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Michael Pollan Explains What's Wrong with the Paleo Diet

For related articles and more information, please visit OCA's Health Issues page and our All About Organics page.

The paleo diet is hot. Those who follow it are attempting, they say, to mimic our ancient ancestors-minus the animal-skin fashions and the total lack of technology, of course. The adherents eschew what they believe comes from modern agriculture (wheat, dairy, legumes, for instance) and rely instead on meals full of meat, nuts, and vegetables-foods they claim are closer to what hunter-gatherers ate.

The trouble with that view, however, is that what they're eating is probably nothing like the diet of hunter-gatherers, says Michael Pollan, author of a number of best-selling books on food and agriculture, including Cooked: A Natural History of Transformation. "I don't think we really understand well the proportions in the ancient diet," argues Pollan on the latest episode of the Inquiring Minds podcast (stream below). "Most people who tell you with great confidence that this is what our ancestors ate-I think they're kind of blowing smoke."     



The wide-ranging interview with Pollan covered the science and history of cooking, the importance of microbes-tiny organisms such as bacteria-in our diet, and surprising new research on the intelligence of plants. Here are five suggestions he offered about cooking and eating well.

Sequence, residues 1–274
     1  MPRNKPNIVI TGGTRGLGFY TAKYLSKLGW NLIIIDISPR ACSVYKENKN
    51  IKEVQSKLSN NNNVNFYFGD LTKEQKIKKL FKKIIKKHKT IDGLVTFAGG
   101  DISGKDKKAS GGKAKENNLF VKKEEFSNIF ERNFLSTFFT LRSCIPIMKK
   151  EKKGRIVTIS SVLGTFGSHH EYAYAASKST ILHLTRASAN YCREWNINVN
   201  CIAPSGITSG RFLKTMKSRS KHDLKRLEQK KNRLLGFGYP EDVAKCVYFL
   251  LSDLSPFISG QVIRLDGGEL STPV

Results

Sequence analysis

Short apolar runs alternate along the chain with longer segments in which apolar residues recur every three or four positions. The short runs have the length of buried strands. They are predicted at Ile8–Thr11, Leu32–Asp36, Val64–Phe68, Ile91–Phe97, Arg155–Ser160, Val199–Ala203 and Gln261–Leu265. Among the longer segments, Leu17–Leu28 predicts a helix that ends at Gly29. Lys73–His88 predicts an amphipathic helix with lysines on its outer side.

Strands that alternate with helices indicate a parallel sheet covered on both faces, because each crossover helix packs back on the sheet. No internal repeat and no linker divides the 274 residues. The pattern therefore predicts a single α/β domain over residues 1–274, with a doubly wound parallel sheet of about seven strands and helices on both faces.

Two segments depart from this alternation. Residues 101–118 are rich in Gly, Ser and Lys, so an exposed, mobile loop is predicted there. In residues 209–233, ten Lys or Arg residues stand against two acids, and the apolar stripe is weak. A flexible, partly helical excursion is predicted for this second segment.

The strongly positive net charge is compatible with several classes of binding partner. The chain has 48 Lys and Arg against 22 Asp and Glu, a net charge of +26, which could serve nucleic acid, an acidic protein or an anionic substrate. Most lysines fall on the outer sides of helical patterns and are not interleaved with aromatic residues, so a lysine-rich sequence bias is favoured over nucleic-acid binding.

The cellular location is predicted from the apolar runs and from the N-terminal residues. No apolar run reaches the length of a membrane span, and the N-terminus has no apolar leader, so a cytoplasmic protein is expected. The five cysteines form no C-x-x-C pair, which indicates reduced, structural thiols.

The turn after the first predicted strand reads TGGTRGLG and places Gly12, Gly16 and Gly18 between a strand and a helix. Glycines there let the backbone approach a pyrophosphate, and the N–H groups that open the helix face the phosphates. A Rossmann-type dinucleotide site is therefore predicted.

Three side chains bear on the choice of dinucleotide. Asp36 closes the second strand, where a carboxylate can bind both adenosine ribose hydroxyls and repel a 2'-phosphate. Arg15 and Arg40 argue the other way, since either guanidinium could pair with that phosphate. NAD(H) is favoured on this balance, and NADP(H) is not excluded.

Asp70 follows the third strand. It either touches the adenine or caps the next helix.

1. Meat: It's not always for dinner. Cooking meat transforms it: Roasting it or braising it for hours in liquid unlocks complex smells and flavors that are hard to resist. In addition to converting it into something we crave, intense heat also breaks down the meat into nutrients that we can more easily access. Our ancient ancestors likely loved the smell of meat on an open fire as much as we do.

But human populations in different regions of the world ate a variety of diets. Some ate more; some ate less. They likely ate meat only when they could get it, and then they gorged. Richard Wrangham, author of Catching Fire: How Cooking Made Us Human, says diets from around the world ranged greatly in the percentage of calories from meat. It's not cooked meat that made us human, he says, but rather cooked food.

In any case, says Pollan, today's meat is nothing like that of the hunter-gatherer.

One problem with the paleo diet is that "they're assuming that the options available to our caveman ancestors are still there," he argues. But "unless you're willing to hunt your food, they're not."

As Pollan explains, the animals bred by modern agriculture-which are fed artificial diets of corn and grains, and beefed up with hormones and antibiotics-have nutritional profiles far from wild game.   


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